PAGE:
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I have developed and taught from the fun, creative techniques provided with the book with large scale classes, individual coaching programs, and workshops (which I will continue to offer).  This is a potentially life changing, “rites of process” approach that lets the reader/ life mapper review your Life Story to Now; reflect on where you are at currently in relation to your values, life interests and goals; and then (re)claim, envision, and plan a practical yet energizing pathway to set a course and go (Live Your Dream, Now!).

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I really do highly recommend this approach to anyone facing any sort of life decision or transition or who simply wants to discover and reflect upon the amazing potentials of your own Life Story.  I have witnessed many individuals who have achieved transformational insights from life mapping. The very process of reviewing your Life Story AS A STORY to now, with meaningful Shaping Events, Life Themes, Life Chapters bounded by key Turning Points as chapter turners, and an awareness of the parallels of YOUR story with classic myths and popular epics brings the life mapper to an overview Joseph Campbell called being a Dweller at the Threshold, able to look back and also forward.  Then the Life Path Mapping Process guides you to effectively CROSS THE THRESHOLD to truly manifest the vitalizing yet flexible life of your dreams.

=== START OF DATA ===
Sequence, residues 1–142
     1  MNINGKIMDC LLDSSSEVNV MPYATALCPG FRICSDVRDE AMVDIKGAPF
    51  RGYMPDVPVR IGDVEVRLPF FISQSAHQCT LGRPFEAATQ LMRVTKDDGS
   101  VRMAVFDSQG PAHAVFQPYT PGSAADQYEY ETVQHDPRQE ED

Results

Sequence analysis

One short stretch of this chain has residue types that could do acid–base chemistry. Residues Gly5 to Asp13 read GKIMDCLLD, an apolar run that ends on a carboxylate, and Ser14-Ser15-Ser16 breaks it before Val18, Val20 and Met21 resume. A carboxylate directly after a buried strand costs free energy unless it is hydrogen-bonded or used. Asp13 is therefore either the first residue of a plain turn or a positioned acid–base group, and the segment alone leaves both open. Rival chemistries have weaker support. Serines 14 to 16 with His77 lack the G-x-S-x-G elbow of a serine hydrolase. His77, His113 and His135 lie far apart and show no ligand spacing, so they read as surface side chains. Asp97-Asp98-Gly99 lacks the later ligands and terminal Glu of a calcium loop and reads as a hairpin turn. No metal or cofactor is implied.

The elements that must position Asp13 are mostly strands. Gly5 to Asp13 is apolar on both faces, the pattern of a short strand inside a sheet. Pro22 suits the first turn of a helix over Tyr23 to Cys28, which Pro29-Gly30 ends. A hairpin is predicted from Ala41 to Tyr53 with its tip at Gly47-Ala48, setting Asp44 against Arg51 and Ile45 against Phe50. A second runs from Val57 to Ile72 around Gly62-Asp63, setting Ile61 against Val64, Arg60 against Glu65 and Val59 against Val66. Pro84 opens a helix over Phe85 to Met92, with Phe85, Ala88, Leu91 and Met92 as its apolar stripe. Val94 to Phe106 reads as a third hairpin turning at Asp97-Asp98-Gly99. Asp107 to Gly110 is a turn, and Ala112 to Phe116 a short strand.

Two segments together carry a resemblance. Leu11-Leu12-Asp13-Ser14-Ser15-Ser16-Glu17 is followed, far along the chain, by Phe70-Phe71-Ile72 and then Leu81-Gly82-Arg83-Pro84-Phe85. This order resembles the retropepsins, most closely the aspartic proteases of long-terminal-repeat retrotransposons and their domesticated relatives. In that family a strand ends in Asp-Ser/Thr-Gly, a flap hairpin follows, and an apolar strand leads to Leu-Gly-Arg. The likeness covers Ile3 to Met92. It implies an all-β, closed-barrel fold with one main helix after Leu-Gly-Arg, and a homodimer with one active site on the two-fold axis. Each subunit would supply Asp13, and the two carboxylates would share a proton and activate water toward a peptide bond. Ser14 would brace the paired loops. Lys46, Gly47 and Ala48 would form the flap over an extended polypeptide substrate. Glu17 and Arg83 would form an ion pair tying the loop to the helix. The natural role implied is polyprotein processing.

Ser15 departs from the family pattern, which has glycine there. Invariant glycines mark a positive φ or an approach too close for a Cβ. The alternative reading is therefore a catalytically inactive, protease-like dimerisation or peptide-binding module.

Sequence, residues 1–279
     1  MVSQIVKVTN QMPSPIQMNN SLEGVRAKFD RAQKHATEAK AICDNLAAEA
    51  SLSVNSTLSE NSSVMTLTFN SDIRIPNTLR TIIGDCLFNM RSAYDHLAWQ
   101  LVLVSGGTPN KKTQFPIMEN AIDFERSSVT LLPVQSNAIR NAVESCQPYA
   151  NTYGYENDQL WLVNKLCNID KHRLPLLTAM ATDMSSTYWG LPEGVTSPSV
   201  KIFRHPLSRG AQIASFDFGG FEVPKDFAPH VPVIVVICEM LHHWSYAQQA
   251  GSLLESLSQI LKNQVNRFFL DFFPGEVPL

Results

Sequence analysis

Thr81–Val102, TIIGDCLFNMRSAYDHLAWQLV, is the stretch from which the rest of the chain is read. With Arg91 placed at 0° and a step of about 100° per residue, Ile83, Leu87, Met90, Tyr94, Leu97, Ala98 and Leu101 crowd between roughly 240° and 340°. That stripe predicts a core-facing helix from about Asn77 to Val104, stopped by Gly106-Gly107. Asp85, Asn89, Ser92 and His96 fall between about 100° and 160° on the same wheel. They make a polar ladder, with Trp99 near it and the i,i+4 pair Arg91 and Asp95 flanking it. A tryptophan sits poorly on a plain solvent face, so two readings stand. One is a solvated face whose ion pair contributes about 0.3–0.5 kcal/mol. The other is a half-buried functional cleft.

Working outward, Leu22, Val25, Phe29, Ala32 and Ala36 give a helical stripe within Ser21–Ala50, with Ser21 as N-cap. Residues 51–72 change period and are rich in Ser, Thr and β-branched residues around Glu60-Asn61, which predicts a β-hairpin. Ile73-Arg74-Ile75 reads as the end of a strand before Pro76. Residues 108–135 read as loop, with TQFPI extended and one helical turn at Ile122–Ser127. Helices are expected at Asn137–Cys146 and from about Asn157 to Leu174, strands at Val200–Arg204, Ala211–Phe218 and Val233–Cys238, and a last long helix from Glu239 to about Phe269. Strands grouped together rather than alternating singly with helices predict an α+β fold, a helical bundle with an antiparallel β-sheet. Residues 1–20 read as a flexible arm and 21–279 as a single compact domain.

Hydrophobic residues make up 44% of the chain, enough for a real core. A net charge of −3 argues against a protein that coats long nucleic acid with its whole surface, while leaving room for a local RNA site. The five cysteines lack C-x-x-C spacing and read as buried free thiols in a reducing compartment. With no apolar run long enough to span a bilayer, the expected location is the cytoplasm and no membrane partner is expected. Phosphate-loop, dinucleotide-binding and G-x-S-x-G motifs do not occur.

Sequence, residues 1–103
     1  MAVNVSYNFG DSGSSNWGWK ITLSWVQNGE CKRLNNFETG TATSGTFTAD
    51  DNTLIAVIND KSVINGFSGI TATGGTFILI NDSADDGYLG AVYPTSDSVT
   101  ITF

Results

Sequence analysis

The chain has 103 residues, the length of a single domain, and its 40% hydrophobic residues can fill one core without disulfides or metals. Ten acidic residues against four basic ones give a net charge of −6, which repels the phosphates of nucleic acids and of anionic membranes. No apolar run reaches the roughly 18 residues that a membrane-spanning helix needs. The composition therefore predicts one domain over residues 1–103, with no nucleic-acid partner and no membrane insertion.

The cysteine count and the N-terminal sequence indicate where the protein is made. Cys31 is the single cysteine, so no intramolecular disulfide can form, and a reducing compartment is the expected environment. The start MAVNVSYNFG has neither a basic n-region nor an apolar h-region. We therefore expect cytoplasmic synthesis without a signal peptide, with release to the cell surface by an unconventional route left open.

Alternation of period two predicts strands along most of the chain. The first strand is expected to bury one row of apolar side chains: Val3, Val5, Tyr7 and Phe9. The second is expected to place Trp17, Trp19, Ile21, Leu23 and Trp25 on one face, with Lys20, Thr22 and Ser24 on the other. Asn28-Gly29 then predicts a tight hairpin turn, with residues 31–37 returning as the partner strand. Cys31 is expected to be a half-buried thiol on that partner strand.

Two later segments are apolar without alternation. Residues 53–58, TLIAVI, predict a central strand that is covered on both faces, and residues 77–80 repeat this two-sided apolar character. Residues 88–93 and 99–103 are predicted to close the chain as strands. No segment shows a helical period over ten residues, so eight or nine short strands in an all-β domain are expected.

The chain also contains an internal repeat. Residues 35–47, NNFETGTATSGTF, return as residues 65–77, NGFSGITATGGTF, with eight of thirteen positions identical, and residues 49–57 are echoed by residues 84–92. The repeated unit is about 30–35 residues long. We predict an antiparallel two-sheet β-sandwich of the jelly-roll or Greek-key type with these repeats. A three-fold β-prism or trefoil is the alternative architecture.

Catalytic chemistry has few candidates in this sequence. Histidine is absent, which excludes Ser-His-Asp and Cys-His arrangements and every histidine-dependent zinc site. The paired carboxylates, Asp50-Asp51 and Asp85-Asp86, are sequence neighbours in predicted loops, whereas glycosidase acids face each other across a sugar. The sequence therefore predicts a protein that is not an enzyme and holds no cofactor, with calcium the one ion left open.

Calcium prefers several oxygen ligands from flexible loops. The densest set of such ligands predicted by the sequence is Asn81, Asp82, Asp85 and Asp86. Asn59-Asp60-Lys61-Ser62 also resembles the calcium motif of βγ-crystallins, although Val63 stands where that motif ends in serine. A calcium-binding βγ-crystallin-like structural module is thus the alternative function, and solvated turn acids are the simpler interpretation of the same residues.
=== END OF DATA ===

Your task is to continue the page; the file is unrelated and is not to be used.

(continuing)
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As well, with this book’s Tools you will be able to Meet & Greet (truly) your very own “ensemble cast of mythic/archetype characters.” Like Dorothy in the Wizard of Oz, you too have an inner unconscious cast of often submerged but always influential “inner” parts of Self that each needs your help to strengthen and to integrate/ come together with your greater Self to help you manifest your highest potentials for this lifetime.

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Envisioning and realizing this book as a Personal Growth and Development book and life mapping handbook has been my VOCATION over the past fifteen years. I published a scholarly book (The Life Map as an Implicit Cognitive Structure Underlying Behavior, Mellen Press, 2010) with articles about my research studies that led to the development then of the self-discovery Tools presented for the first time to the general public with Your Life Path. So of course this is very exciting for me but more than that I really do recommend this book highly to any reader!